So mummy bag buddies, how many of you rotate in the bag versus the bag rotating? In the first case the bottom of the bag is always down, even if you're on your side. In the latter, the zipper will always be in your same side, even if you're sleeping on your face. In the first case, which is my usual style, lots of moisture gets trapped and things get clammy.

I decided to give the second approach a try tonight in my 55F bedroom. I made it through 270deg, the opening cinched around my face, before the bag failed to follow and the zipper was spiraled 180deg around me and the opening was gone. :confuoot: I'm not claustrophobic but let's just say I flailed around to extricate myself. I guess suffocation is the only outcome of this while sleeping.

What's the trick?

I think the key is to have the right size sleeping bag for your body, if it's too big you will move around inside it, and also your body has to heat up the air around you (people argue about this but I can't understand why). I sleep as you describe but inside a goretex bivvy bag and the sleeping bag moves with me but the outer bag doesn't. The hood probably also needs to fit well around your head.


Re: backpacks, I am late to the game but I would always recommend looking for a bag with good compression straps so if it's not full the slack can be taken up. Mountaineering packs tend to be great as they are lightweight and without too many unnecessary features, but durable. I have this Lowe Alpine one and it's awesome: https://www.needlesports.com/884/products/lowe-alpine-alpine-attack-35-45-black.aspx

knox_harrington
Feb 18, 2011

Running no point.

I have a Hennessy Hammock which is pretty good. Used it in the jungle in Malaysia for a few weeks and had no complaints, it's light and easy to set up even in the dark.

They are not cheap but pretty benchmark

https://hennessyhammock.com/products/explorer-ultralite-asym-classic

knox_harrington
Feb 18, 2011

Running no point.

Had a wander up the Pointes de Mourti here in Switzerland.

Looking from the bottom:


From the top


What an awesome day :)

knox_harrington
Feb 18, 2011

Running no point.

Obviously the best time to work out how to put up a new tent is at 3000m when the snow is starting to fall. Great view this morning though!


knox_harrington
Feb 18, 2011

Running no point.

For lowish temperatures and breathability I really recommend these:
https://www.mountain-equipment.co.uk/randonee-glove

Soft shell with a pile lining.

Gloves are obvs a really personal thing, I've been through shitloads trying to get the right balance between dexterity and avoid non freezing cold injury. Like you mention I end up with a pair of soft shells and some full on goretex ones for if its pouring.

Also some Arcteryx / Hestra liner gloves to level up if need be.

knox_harrington
Feb 18, 2011

Running no point.

theHUNGERian posted:

Very useful info. Thanks.

Will depend on what fits you best of course, but +1 for La Sportiva mountaineering boots. 3 of us had new pairs of Nepal Cube GTX on a week-long trip a couple of weeks ago, zero blisters between us. I also don't get on with multiple pairs of socks, just a decent pair that keep their spring after a day's walking (bridgedale are excellent, not sure if they are sold in the US)

knox_harrington
Feb 18, 2011

Running no point.

armorer posted:

Where will you be overnighting? You can get a fuel canister for $6 at REI and a stove that'll screw on top for like $12 on amazon. Jetboil will certainly work but may be more than you need.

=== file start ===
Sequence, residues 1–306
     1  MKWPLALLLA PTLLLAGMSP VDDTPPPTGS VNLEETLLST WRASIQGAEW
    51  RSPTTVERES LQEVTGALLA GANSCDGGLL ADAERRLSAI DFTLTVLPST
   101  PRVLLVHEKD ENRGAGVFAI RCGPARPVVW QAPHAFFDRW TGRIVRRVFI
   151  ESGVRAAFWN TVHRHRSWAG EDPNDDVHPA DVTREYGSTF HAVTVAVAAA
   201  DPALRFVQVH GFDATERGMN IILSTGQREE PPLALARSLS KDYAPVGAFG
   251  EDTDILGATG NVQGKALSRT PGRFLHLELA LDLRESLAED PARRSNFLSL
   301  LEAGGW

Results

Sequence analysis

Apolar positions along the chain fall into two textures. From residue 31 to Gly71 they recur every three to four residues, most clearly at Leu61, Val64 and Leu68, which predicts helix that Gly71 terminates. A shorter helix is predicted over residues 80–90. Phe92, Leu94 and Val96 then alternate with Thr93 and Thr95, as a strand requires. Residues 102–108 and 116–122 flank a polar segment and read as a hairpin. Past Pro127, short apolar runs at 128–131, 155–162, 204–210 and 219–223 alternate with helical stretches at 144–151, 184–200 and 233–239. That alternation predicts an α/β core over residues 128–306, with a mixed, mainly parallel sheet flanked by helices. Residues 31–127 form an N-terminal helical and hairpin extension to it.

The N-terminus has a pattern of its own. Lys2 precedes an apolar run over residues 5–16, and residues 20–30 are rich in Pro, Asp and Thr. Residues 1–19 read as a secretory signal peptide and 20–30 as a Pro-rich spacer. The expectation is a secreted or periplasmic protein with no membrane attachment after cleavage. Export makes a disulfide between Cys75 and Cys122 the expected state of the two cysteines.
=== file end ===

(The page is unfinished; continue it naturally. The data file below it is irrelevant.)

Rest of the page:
Yeah MSR pocket rocket (or equivalent) and a metal mug with a foil lid has been my lightweight solution for years. Jetboils are nice of course. I got the MSR equivalent recently and it was insanely expensive and doesn't have an igniter built in.. wtf?

knox_harrington
Feb 18, 2011

Running no point.

Those titanium mugs (I think the 750s?) are also the same diameter on the inside as a Nalgene flask which is satisfyingly space efficient.

knox_harrington
Feb 18, 2011

Running no point.

Camped up in the mountains above the Lac de Moiry for the weekend.

Nice view to wake up to:


Moiry lake is incredibly blue

knox_harrington
Feb 18, 2011

Running no point.

If there's not much cloud cover you can see loads at night without a torch if you let your eyes adjust. If there's a decent moon on a clear night you would have no problem at all.

knox_harrington
Feb 18, 2011

Running no point.

My guide on a climbing course here in Suisse was really into his incendio jacket. I think the dwr is pretty good on them.

I have an Inov8 super lightweight waterproof jacket which is excellent - as long as you don't have to take it off quickly as its a half-zip.

Looks like they only do the full zip version now: https://www.inov-8.com/us/raceshell-waterproof-running-jacket-mens-red?___store=us

For other lightweight gear the OMM stuff is great. https://theomm.com

knox_harrington fucked around with this message at 01:58 on Oct 10, 2018

knox_harrington
Feb 18, 2011

Running no point.

If the pack is flapping about a bit or not cinched up well it can either cause you to be off balance or the contents can add extra force to each step. Also the way you land on each step going downhill can have a big difference - I have had slight knee problems for a while (and am now confined to the couch having actually broken it) and found that landing on a slightly bent leg with muscles tensed helped take some of the force off the knee internal bits. Ultimately though I just had to accept that some of the younger guys were just able to go faster than me downhill.

I actually just got a new pack a few weeks back, it's great and it's the larger version of this. Really well designed and lightweight. The easy close lid and side access are awesome.

https://www.patagonia.com/product/ascensionist-climbing-pack-30-liters/47997.html?dwvar_47997_color=INBK

(actually mine is the Descensionist 40L but w/e)

knox_harrington
Feb 18, 2011

Running no point.

Cheesemaster200 posted: